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November 22, 1999

New members reported in this week's WIP: 2,472
New members reported in WIP, 1999: 449,955

SEIU RUNS TO VICTORY-- In another victory for Puerto Rico s public employees, a wall-to-wall unit of 550 emergency medical technicians and support staff employed by the Puerto Rico Department of Emergency Medical Services voted 342-29 to join SEIU District 1199UNTS Nov. 10. Meanwhile, back on the mainland, short staffing, low wages, lack of respect and the desire for a voice on the job prompted more than 250 Michigan nursing home workers to organize with SEIU Local 79 recently. On Oct. 21, a unit of 39 aides and other support staff at Grand Court Nursing Home in Adrian voted for the union. The next day, 125 RNs, LPNs, aides and other staff at the Life Care Center in Plainwell voted to join the union. On Nov. 5, 92 aides and support staff at the Lutheran Home in Livonia voted for Local 79. And on Nov. 15, a unit of 40 Oakland, Calif., home care workers employed by the Oakland Chinese Community Center won recognition after their employer accepted their SEIU Local 616 union authorization cards.

IN THE FOLD-- Some 600 workers in several Portland, Ore., laundries voted to join UNITE last week. In Dayton, Ohio, 80 workers at Economy Linens chose a voice at work with UNITE.

UAW MICHIGAN WINS-- A trio of fall organizing victories for UAW means that 420 more Michigan workers have a voice on the job. They include 220 workers at Troy Design & Manufacturing in Warren/Redford and 100 at M & W Industries in Detroit, both parts manufacturers, as well as 100 at Ryder Logistics in Highland Park.

QUALITY VOTE FOR QUALITY CARE-- RNs at Bayonne (N.J.) Hospital overwhelmingly voted¯just 17 "no" votes¯for a voice at work and joined Health Professionals and Allied Employees/AFT Nov. 11. The 270 nurses were joined by other hospital workers, community leaders and elected officials in the organizing drive. "Having a union means we can speak up for our patients and for ourselves without fear," said 13-year nurse Joan Zitman.

HERE IN TYSONS-- Workers at the Sheraton Premier Hotel in Tysons Corner, Va., won card-check recognition with Hotel Employees & Restaurant Employees Local 25 last week. The 166 workers become the second unionized hotel in Northern Virginia, joining workers at the Crystal City Hilton.

CHILDREN S HOME WORKERS VOTE UFCW-- Forty-five workers at St. Agatha s Home for Wayward Children satellite campus in Nanuet, N.Y., voted to join Food and Commercial Workers Local 888 this fall. They sought out the union after 200 workers at the home s main campus won their first contract this summer. Both groups are seeking a voice in working conditions and better, more responsible care for the children. In San Jose, Calif., 21 dental assistants, patient counselors and office workers at Piedmont Hills Dental Center voted to join UFCW Local 428.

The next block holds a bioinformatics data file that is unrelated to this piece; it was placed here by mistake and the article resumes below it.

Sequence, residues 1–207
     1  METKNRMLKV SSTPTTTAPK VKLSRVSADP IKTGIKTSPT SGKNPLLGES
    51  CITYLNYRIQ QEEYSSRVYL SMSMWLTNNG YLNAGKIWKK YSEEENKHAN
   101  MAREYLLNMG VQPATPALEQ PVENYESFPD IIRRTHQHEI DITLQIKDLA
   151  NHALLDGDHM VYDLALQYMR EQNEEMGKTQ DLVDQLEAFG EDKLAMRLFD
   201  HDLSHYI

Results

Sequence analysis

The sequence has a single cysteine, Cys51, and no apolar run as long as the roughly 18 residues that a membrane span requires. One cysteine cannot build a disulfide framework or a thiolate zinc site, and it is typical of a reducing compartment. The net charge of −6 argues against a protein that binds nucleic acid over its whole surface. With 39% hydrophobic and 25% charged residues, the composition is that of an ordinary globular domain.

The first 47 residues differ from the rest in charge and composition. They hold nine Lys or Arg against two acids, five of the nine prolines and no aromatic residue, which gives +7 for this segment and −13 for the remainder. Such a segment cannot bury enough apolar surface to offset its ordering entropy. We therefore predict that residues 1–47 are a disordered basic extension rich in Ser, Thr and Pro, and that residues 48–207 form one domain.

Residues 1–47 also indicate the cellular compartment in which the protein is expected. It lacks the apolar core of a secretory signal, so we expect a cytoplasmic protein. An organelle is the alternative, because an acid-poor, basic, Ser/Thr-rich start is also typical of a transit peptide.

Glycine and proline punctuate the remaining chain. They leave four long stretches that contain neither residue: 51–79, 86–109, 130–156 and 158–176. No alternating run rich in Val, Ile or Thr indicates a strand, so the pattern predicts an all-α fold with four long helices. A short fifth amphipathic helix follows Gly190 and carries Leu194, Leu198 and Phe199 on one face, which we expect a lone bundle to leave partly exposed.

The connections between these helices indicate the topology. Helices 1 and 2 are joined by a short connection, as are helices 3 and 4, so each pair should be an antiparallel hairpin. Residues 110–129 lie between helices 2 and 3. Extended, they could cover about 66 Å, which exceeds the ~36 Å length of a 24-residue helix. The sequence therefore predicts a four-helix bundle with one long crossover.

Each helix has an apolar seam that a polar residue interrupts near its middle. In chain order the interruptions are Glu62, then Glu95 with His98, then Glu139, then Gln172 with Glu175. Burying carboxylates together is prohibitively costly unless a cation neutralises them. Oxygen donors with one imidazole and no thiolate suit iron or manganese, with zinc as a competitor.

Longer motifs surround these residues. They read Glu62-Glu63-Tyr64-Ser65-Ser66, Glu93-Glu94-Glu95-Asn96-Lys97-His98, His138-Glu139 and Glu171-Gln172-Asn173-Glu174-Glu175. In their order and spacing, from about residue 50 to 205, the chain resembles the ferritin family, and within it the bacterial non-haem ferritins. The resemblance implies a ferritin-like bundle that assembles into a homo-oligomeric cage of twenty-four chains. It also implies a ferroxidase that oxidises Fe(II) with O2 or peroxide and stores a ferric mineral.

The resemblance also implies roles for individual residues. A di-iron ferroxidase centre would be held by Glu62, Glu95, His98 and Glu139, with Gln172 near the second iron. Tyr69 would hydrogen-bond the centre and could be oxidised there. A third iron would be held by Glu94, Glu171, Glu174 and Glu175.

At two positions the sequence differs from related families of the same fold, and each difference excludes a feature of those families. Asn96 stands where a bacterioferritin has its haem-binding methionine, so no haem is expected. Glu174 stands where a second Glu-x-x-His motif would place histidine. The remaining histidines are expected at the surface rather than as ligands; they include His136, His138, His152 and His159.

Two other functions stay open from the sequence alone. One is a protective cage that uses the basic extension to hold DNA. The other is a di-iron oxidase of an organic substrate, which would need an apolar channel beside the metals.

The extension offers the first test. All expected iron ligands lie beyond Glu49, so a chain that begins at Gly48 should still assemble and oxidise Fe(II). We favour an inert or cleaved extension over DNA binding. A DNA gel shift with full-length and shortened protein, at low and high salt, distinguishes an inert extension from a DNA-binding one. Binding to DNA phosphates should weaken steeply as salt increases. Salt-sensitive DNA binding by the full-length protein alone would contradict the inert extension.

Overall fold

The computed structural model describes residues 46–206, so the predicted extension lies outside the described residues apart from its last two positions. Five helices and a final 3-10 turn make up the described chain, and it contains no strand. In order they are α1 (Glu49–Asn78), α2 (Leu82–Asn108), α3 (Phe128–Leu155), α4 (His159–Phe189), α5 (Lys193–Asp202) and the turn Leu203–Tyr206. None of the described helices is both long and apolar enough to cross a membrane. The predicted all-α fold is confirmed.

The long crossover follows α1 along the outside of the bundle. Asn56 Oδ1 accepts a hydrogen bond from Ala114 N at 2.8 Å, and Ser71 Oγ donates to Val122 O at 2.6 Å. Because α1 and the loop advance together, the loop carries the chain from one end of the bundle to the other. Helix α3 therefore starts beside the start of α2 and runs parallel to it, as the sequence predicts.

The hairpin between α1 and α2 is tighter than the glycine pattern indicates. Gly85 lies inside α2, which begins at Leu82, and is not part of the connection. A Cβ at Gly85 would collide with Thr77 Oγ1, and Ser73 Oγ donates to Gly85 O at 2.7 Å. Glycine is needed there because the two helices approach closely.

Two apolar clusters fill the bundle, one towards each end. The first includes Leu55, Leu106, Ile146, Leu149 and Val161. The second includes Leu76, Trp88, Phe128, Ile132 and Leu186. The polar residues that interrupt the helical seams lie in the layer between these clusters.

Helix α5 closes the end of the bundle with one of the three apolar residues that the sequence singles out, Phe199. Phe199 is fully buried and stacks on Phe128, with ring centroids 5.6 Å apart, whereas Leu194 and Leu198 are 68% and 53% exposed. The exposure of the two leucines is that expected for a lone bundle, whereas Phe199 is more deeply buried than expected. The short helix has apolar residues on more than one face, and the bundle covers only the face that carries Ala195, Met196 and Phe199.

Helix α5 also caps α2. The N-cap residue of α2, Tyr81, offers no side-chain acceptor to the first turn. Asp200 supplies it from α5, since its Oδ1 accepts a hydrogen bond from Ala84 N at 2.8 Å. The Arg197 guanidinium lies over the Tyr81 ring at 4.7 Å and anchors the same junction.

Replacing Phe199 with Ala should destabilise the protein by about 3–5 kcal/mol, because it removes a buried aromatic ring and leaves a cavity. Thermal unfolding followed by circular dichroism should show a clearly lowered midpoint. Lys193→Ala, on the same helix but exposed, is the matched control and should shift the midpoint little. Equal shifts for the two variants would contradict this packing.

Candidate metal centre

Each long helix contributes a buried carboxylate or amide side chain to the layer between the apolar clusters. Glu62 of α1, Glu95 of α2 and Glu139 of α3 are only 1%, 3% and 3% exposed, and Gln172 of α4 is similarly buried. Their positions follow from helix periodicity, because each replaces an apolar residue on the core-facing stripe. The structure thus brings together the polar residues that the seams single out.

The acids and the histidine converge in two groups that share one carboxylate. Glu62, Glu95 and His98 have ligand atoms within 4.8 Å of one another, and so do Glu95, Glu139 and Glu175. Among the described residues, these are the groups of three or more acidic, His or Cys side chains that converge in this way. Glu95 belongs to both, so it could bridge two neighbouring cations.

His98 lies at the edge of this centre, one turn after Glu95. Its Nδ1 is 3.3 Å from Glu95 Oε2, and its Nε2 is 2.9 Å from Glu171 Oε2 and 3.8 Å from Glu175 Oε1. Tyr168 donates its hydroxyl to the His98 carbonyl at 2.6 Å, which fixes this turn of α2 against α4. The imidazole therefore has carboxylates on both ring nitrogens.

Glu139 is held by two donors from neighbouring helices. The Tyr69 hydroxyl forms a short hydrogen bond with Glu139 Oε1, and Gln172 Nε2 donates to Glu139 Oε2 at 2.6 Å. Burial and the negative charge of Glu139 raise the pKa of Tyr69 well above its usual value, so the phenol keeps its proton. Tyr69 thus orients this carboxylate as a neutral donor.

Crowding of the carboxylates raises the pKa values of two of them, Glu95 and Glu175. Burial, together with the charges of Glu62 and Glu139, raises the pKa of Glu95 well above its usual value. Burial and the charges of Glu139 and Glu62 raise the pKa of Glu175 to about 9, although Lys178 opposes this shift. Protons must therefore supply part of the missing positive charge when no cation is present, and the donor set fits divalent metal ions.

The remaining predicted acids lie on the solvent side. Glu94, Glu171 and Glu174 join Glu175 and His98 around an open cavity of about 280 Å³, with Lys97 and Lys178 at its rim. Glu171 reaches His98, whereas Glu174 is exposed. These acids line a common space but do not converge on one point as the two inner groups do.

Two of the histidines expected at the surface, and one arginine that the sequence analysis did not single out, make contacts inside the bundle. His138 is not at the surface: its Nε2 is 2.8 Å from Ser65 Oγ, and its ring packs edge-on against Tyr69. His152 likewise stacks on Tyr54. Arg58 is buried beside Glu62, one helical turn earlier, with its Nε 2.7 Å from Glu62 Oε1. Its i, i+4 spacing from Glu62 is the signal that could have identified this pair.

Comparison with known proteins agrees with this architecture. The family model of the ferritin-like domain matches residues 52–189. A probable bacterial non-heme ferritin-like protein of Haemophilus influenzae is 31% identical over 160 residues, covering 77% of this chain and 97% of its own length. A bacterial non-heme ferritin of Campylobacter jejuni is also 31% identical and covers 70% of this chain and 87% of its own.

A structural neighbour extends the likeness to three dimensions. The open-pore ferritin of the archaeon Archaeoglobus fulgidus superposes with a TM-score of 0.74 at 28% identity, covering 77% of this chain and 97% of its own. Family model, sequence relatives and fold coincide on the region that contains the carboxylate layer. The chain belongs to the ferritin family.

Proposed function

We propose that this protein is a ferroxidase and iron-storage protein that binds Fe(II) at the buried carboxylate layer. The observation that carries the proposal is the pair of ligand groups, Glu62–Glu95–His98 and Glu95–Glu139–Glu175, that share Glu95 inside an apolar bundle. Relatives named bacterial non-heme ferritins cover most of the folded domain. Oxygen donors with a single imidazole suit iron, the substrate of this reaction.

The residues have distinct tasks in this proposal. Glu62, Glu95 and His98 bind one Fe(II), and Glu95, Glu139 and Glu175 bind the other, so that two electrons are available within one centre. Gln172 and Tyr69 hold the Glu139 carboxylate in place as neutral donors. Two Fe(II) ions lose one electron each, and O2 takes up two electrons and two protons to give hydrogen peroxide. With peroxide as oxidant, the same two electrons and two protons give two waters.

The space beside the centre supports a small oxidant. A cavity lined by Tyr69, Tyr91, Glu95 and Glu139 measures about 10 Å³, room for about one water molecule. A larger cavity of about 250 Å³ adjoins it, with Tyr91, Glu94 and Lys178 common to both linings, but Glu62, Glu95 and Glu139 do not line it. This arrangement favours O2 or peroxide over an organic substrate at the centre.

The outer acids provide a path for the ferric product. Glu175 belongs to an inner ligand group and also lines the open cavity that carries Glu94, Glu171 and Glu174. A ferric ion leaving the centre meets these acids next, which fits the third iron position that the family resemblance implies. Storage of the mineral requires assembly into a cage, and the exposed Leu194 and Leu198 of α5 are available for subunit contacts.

CONTROLLERS CHOSE IAM-- Some 50 US Airways maintenance controllers won a voice at work when the National Mediation Board certified their authorization cards and added the workers to the current Mechanical and Related contract between the airline and the Machinists.

MAQ ATTACK-- At WMAQ-AM in Chicago, anchors and reporters voted 23-1 to join the Television and Radio Artists last week. The CBS-owned station s future is uncertain because of the pending CBS/Viacom merger. "In light of deregulation, mergers and acquisitions, professional broadcasters are recognizing more and more the need for some sort of protection and a strong voice. By this near unanimous vote, the folks at WMAQ-AM have given themselves that voice," said Chicago AFTRA President Dick Kay.

BAD DEAL ON CHINA* There is a right way and a wrong way to make the global economy work for working people, AFL-CIO President John Sweeney told a National Press Club audience Nov. 19. "Incorporating enforceable workers rights, human rights and environmental protections in every U.S. trade and investment agreement is the right way; admitting a repressive China to the WTO is the wrong way," he said. Pointing to job safety and anti-slave labor measures adopted respectively in France and Massachusetts that then ran afoul of the trade body, Sweeney asserted that when international rule-makers like the WTO fail to enforce workers rights and environmental protections, "national and local governments must act to do so." He said the huge Nov. 30 Seattle march and rally (see page 3) will signal "the beginning of a new era in which working families participate in trade decisions that affect our lives." Other union leaders have condemned the China deal. UAW President Stephen Yokich called it reflective of "the skewed priorities of our nation s trade policies," and UNITE s Jay Mazur said it was "a lose-lose proposition for U.S. workers and all those valiant workers in China who are laboring under slave or prison conditions." Teamsters President James P. Hoffa said the agreement supports an economic system that is "protectionist, exploits labor and represses human rights," while the Machinists Tom Buffenbarger said the accord turns away from the "human rights that were so eloquently decreed a little over 50 years ago" by the United Nations.